I love babies. Anyone, any baby at all, any species, I’ll snuggle it up if you give me the chance. They are so funny, so expressive, so alien and familiar at once. And let’s not forget the sartorial opportunities they can provide. I literally cannot drag my eyes off of them, because I am fond verging on creepy.

The girl child, though . . . a baby hater.

In the grocery store one day I say “Look at that hat!,” referring to the hat of someone very small in a chest carrier. I can only see the back of the hat but it is charming — has a fuzzy texture, I believe it had some wee animal ears involved in the design and construction.

My daughter turns without realizing what she is about to see. And then back to me, glaring with smoking-hot anger eyes. “You made me turn my head to look at a baby . . . AND I HATE BABIES!”

The hatred of babies by a six-year-old girl entertains me no end; these fresh-faced sweeties, just coming into their own, are more often moony and maternal over anything soft and small. But this kid reserves all that for animals.

Referring to a family who know with three kids the other day, I say, “There is the middle one named Violet. Do you remember the big sister’s name?”

“I do. Her name is Jane. But then also there is the baby, which, I HATE BABIES!”

She doesn’t want to have a baby, because being pregnant seems horrible. Hmm, who could have given her that idea? She’s also clear on the fact that she doesn’t want to take care of a baby. She would like a kid though, so her provisional plan is that I’ll handle the babyness of it all and then she’ll take over when it’s a kid.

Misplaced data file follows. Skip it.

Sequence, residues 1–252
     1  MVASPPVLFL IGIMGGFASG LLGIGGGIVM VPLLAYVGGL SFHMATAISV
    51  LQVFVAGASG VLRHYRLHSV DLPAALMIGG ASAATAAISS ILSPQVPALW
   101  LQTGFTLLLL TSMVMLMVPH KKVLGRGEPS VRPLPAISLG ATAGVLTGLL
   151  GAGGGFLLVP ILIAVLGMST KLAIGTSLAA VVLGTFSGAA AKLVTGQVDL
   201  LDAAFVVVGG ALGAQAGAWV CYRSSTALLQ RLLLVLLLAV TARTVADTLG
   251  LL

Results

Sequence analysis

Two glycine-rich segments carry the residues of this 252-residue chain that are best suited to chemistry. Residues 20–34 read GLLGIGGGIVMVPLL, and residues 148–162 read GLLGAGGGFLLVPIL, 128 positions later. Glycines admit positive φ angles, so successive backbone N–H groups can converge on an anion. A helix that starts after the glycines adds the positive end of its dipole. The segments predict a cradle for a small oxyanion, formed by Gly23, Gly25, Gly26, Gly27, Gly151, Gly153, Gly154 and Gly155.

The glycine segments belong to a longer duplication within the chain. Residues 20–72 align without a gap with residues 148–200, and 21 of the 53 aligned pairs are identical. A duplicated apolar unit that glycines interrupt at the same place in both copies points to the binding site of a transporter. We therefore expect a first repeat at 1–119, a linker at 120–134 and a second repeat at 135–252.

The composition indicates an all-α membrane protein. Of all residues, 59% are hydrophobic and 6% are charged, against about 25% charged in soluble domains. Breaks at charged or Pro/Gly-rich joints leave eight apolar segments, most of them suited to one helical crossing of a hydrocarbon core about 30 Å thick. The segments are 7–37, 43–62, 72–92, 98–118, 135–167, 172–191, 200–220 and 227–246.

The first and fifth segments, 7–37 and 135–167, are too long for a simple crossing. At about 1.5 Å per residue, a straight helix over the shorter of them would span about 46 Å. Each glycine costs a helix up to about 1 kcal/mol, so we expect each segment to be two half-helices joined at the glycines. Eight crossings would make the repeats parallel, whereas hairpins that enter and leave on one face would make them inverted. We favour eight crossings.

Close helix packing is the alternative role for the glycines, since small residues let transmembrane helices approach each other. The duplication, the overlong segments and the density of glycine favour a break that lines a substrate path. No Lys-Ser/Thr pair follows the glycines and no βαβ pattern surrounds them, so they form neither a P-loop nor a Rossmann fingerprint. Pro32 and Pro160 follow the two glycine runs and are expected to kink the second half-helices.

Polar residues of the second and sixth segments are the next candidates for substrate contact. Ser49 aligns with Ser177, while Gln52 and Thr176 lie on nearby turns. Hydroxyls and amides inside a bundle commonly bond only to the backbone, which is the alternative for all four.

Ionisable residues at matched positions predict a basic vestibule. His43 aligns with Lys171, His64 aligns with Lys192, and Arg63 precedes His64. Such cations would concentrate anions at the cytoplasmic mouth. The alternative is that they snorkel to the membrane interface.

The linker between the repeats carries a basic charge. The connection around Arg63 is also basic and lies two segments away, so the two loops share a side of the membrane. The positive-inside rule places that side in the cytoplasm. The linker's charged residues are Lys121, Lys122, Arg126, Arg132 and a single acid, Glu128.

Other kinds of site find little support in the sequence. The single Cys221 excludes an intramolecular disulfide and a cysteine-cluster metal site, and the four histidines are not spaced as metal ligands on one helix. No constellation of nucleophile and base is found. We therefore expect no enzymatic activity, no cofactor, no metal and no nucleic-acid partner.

I shouldn’t encourage it, or get her to say it because her contrarian attitude is so heartfelt, unusual, strongly expressed and therefore delightful. I don’t want her to end up hating babies in a real sense because she talked about hating babies so much when she was still adjacent to her own babyhood. But maybe she really does hate them. And maybe I am solidifying this in her identity by typing it down in letters.

At the end of the day I sort of like it when women don’t want babies, aren’t swayed in their decisions because of some fervent biological desire they never chose; it makes me feel like we females aren’t just a pack of baby-wanters, whereas I personally have done nothing and probably will continue to do nothing to dispel that myth.

It takes all sorts, it takes a village.

It takes a baby hater and it might take a baby hater’s mom.


May 30, 2018

My kids’ elementary school hosted a “World Culture Night,” which was the best. Since we’ve left Brooklyn, we see many more leaves and rivers and chipmunks and other animals who are not rats than we used to; things could not be be better in that regard.

We also meet a lot fewer Bangladeshi butchers and have been invited to zero parties where unheard-of herbs are synthesized into delicious salads by savvy Caribbean women. I cannot remember the last time someone tried to serve me a turkey neck in a curry. And I guess I am a little sad about that.


thx to ryan pickle from flickr 

But for World Culture Night, all families with a penchant towards a particular culture were invited to make a booth with music, crafts, fashion, and foods from whence they came — either recently, or never, because it was actually their grandparents or someone who came from there.


I would not have had a lot to contribute unless I made a Wethersfield, CT booth with a red onion costume, a tri-cornered hat balanced atop, and shiny shoes buckled below, piccolo in fist, with a mouthful of butter-and-sugar corn. But: I didn’t think of that until afterwards.

My enthusiasm for the cultures of others led me to ask a friend whose grandparents are Mexican if she’d like any help. My daughter had just finished a unit on Mexico and my son had cried real tears recently after I explained that we are not, in fact, at all Mexican. (The same thing happened with Jewish a few years back.)